Democratic Legitimacy Under Conditions of Severely Depressed Voter Turnout
Due to the present pandemic, it seems increasingly likely that the 2020 general election in November will be held under conditions of unprecedented downward pressure on voter turnout. The possibility of severely depressed turnout for a highly consequentialpresidential election raises troubling questions of democratic legitimacy. Although voter turnout in the United States has historically been poor, low turnout is not usually thought to threaten the legitimacy of electoral processes when it results from voluntary abstention and is distributed unsystematically. Conversely, electoral legitimacy is often considered at risk when nonvoting is involuntary, especially when obstacles to voting fall systematically on specific populations. If turnout in November is unusually low but largely voluntary and unsystematic, then the risks to legitimacy should be low. If, however, nonvoting is both widespread and involuntary, and especially if obstacles to voting seem systematically directed at specific groups, conditions will be in place for a significant escalation of the threat. In particular, concerns of electoral legitimacy, which place in doubt only the authority of specific election winners to occupy the offices to which they have purportedly been elected, may ratchet up to much more profound concerns about regime legitimacy. Such concerns cast doubt on the continuing validity of popular consent to the entirety of the existing governmental regime.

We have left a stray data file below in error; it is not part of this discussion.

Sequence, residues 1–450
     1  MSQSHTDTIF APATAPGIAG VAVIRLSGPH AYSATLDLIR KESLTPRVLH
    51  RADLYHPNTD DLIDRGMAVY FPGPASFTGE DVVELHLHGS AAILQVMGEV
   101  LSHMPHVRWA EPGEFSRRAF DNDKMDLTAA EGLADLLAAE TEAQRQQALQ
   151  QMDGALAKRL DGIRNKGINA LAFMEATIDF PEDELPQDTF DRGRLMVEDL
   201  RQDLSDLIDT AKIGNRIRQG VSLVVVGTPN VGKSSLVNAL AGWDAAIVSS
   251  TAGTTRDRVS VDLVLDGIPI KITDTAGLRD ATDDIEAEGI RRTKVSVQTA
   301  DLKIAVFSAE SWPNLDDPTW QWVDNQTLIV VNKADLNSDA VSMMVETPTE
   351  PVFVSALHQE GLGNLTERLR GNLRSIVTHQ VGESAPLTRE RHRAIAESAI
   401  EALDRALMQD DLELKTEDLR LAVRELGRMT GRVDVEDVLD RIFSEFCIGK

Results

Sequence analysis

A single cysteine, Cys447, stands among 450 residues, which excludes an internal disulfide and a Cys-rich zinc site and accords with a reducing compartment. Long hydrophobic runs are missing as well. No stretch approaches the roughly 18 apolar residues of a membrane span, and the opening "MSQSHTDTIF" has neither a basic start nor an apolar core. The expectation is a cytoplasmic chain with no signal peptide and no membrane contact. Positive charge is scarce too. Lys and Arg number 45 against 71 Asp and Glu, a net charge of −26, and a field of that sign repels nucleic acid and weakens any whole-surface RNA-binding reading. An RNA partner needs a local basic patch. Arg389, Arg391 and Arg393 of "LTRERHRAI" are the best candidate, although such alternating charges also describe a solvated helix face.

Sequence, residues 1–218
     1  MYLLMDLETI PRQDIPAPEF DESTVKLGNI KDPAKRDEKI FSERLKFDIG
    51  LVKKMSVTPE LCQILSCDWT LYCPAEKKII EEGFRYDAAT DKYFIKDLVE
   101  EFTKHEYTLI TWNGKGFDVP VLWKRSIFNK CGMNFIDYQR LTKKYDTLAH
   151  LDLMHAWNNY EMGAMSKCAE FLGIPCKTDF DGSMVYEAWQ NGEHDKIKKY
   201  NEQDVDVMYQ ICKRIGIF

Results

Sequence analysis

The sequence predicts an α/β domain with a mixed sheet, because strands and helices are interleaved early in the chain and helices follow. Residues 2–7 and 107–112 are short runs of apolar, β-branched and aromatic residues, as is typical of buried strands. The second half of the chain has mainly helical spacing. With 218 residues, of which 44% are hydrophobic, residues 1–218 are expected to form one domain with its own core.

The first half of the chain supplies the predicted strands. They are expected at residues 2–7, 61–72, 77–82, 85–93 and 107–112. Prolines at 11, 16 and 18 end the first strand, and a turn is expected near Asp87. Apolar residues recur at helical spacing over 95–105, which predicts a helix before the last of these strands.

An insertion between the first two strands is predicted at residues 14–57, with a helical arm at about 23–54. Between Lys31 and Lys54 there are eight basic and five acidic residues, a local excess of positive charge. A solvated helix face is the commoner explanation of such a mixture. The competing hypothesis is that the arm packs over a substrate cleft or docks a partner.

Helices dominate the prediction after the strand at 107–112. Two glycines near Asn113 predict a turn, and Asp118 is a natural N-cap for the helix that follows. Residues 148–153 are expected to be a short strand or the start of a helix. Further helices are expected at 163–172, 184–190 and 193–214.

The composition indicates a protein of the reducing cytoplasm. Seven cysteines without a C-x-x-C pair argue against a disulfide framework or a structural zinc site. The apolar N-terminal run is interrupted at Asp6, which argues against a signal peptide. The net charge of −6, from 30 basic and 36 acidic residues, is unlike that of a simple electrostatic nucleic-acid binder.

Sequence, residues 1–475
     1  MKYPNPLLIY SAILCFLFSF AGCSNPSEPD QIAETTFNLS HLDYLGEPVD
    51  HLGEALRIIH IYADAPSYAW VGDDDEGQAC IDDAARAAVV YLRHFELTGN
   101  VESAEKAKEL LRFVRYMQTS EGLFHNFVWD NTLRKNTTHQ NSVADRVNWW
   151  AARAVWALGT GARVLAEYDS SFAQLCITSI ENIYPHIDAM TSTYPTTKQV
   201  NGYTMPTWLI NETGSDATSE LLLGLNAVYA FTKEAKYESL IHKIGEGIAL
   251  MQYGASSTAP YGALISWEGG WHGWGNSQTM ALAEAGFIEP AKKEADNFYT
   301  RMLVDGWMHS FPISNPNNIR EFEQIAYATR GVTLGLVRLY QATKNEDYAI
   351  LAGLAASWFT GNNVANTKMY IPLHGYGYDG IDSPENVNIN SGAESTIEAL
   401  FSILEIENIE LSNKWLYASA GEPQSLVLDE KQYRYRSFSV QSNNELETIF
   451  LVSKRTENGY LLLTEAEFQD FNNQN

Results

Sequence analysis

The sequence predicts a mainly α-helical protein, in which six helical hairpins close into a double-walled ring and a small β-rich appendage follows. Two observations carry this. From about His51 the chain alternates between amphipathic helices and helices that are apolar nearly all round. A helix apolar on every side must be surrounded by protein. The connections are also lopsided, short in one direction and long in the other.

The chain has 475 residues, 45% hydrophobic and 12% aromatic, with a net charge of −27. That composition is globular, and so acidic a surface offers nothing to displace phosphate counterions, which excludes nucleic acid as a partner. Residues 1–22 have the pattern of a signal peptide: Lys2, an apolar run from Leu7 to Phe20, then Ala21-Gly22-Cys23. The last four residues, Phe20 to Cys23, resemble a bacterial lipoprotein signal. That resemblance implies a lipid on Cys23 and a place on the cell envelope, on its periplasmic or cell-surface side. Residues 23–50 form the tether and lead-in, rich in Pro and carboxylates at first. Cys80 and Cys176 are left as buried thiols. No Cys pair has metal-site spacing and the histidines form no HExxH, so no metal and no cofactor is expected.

University of Chicago Law Review Online
James A. Gardner,
Democratic Legitimacy Under Conditions of Severely Depressed Voter Turnout,
U. Chi. L. Rev. Online
Available at: https://digitalcommons.law.buffalo.edu/journal_articles/983